Thursday, April 26, 2007
Mary Magdalene a Prostitute?
Wednesday, April 25, 2007
Tuesday, April 24, 2007
I don't want to get into the whole nature/nurture thing. I have ideas, but I just plain don't know enough. But I thought this article on Newsweek.com was really interesting. I know most of you are too lazy to follow the link, so here's the basics: There's a part of our brain that helps us recognize mistakes and learn from them. Apparently, in certain people (those tending toward impulsivity and antisocial behavior, particularly), that part of the brain doesn't work quite as well. So basically, it's not that they're stupid or mean or spontaneous, it's that they (literally) can't learn from their own mistakes. Fool me once, shame on you. Fool me twice, my brain malfunctioned.
The physiology of the mind blows my mind. I know at least one of my loyal readers knows a thing or two about psych, so I'm interested in her comments, if any.
Monday, April 23, 2007
Friday, April 20, 2007
Thursday, April 19, 2007
You can't really tell what's going on, but this crater used to be a big ant pile. I think this is equivalent to shooting somebody 18 times.
Monday, April 16, 2007
A good friend of mine, and the best man at my wedding, got married this past weekend. Charlie has been in, I think, at least 10 weddings and was finally part of his own. The ceremony was intimate and beautiful, the reception was fun, and the occasion joyous. This picture was taken during the bride-and-groomsmen picture session. As you can see, I am the only one not paying attention.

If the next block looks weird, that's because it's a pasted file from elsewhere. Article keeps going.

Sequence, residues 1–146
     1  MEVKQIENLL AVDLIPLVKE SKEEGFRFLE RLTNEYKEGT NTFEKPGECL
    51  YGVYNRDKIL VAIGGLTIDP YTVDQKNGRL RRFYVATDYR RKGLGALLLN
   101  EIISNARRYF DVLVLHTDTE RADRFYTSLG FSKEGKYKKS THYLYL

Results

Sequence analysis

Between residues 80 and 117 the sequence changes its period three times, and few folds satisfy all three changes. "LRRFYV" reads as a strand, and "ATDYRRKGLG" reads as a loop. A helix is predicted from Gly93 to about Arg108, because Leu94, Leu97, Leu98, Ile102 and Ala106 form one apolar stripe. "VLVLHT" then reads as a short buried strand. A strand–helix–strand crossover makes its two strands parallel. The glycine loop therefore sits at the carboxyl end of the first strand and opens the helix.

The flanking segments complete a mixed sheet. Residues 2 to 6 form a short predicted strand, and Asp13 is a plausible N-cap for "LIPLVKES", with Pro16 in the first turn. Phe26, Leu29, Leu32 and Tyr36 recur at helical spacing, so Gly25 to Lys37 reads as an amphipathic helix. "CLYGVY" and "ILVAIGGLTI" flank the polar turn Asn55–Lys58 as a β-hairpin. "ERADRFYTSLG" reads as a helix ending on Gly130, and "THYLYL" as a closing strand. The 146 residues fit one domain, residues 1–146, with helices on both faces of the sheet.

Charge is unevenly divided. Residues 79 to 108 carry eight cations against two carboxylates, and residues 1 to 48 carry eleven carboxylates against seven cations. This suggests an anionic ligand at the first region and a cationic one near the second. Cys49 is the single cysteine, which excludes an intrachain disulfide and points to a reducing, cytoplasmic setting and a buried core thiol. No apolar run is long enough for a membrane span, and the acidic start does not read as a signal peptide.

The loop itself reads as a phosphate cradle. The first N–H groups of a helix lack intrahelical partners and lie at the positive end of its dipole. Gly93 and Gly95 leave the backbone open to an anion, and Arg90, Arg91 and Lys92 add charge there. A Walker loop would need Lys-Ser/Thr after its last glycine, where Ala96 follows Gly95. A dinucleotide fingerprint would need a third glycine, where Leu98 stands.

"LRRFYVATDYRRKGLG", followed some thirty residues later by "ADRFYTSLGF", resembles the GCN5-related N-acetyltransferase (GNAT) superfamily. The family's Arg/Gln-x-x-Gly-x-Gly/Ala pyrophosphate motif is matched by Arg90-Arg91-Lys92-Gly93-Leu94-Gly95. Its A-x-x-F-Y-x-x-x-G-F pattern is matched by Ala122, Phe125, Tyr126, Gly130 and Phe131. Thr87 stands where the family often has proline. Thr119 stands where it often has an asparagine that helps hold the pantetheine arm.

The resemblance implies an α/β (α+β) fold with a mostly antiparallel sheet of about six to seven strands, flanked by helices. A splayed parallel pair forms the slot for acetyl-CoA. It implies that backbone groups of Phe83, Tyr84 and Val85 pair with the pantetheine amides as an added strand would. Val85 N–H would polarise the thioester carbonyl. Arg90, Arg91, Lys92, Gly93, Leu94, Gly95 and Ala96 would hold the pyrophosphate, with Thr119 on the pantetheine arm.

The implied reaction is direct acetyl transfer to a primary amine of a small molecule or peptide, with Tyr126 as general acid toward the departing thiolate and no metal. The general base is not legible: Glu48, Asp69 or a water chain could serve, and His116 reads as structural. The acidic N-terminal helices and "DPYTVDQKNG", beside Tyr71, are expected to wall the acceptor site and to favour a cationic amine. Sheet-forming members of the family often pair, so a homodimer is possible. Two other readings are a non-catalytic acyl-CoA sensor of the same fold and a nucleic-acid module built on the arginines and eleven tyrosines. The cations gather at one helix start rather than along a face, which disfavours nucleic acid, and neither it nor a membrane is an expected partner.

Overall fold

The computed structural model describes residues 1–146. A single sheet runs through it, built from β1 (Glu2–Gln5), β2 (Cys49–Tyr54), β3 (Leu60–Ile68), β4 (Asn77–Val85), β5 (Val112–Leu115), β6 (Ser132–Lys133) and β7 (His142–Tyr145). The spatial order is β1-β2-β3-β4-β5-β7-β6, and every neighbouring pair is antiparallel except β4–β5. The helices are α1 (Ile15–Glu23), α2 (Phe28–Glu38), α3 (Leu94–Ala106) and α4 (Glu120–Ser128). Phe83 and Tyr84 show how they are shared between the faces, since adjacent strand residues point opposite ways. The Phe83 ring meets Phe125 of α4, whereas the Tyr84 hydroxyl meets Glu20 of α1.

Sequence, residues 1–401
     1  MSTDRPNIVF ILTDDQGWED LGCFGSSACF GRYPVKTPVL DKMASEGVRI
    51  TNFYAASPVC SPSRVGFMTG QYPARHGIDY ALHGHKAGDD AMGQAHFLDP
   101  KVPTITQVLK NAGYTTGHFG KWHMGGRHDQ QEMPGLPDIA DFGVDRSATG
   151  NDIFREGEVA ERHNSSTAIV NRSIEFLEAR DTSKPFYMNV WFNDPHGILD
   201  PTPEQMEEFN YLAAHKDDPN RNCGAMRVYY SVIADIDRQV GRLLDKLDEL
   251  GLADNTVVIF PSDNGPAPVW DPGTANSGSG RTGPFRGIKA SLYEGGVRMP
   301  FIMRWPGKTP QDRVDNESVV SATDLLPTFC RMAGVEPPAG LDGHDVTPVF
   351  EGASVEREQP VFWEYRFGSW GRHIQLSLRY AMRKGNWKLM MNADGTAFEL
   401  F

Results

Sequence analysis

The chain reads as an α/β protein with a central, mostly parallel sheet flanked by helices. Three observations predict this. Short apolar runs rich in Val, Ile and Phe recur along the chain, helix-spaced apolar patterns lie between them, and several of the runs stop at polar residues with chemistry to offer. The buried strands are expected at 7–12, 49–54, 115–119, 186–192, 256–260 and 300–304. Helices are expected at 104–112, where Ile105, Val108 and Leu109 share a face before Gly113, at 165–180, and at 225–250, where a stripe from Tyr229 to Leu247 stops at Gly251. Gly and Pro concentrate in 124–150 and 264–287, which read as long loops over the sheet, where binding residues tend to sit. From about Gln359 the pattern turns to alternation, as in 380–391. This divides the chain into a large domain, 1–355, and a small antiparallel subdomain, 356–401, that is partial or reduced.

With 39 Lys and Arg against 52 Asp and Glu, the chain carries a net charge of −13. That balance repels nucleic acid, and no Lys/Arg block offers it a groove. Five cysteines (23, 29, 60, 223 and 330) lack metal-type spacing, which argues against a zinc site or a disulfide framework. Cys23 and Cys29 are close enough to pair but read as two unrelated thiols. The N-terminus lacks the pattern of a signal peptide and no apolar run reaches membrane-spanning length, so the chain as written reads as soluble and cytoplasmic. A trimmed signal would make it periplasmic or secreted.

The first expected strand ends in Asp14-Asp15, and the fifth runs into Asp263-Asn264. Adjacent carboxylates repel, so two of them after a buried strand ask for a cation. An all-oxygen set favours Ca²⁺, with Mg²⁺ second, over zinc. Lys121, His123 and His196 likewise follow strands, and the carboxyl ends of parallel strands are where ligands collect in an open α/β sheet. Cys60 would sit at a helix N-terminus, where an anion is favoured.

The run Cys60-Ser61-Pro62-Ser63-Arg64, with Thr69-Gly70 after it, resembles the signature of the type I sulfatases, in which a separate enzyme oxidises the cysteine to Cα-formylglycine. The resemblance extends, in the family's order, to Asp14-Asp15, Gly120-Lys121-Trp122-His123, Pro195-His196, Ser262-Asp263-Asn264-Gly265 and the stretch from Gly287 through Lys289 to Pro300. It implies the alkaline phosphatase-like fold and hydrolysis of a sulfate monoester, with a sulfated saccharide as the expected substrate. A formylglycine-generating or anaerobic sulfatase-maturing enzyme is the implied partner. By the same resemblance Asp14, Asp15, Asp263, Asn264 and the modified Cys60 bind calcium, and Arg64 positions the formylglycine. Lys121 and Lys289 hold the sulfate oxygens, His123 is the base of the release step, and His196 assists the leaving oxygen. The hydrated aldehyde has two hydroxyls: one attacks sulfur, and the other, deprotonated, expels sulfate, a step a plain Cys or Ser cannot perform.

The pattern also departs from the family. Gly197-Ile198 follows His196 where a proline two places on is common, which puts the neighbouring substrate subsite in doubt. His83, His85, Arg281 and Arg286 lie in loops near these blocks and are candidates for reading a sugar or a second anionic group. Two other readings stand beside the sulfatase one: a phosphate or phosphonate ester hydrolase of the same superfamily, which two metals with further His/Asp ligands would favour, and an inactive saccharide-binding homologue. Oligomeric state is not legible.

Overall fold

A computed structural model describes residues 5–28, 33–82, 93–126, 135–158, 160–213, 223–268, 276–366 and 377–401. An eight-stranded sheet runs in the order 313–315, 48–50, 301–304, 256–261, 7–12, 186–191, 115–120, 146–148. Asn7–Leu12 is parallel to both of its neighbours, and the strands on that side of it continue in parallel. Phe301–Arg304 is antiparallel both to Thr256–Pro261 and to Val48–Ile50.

Congratulations, Charlie: I hope Sara will be as good a roommate as I was.
Saturday, April 14, 2007
I also had a terrible conversation with my landlord yesterday. We're out of town for a friend's wedding, and I forgot to give our animals extra food. I called up my landlord to see if he could unlock the door for my in-laws so they could feed our animals. Unfortunately, he was unavailable. Then:
Me--"OK, so could Mrs. Roper* possibly unlock the door?"
Mr. Roper--"Mrs. Roper divorced me last summer."
Me--"Oh . . . uh . . . I'm sorry . . . I didn't know . . ."
Mr. Roper--"So are y'all going to renew your lease?"
Thankfully, I'm in law school and I've learned how to trample on people's feelings.
Ed. Note--Names have been changed. Extra points for anyone who can guess where this name came from.
Thursday, April 12, 2007
Now I'm sure that most of my readers don't even have to guess who this little kid is, but it has come to my attention that there is a significant lack of familiarity with Calvin and Hobbes at Baylor Law School. I'm not sure what English majors in Lubbock read, but apparently they grow up eating food like Calvin's mom made and don't even know it. In Division III, we wait until college to eat this stuff.
The other day, I was driving home as Lynyrd Skynyrd's "Tuesday's Gone" was gracing my radio. Afterward, the deejay commented that it was one of the few songs in that station's reportoire in 3/4 time. Since then, I've been thinking about it, and the only other song I could think of is the Animals' "House of the Rising Sun" (which may actually be in 6/8). Until this morning that is. I was belting out Billy Joel's "Piano Man" on the way to school this morning when Paul (the real estate novelist) told me it was in 3/4.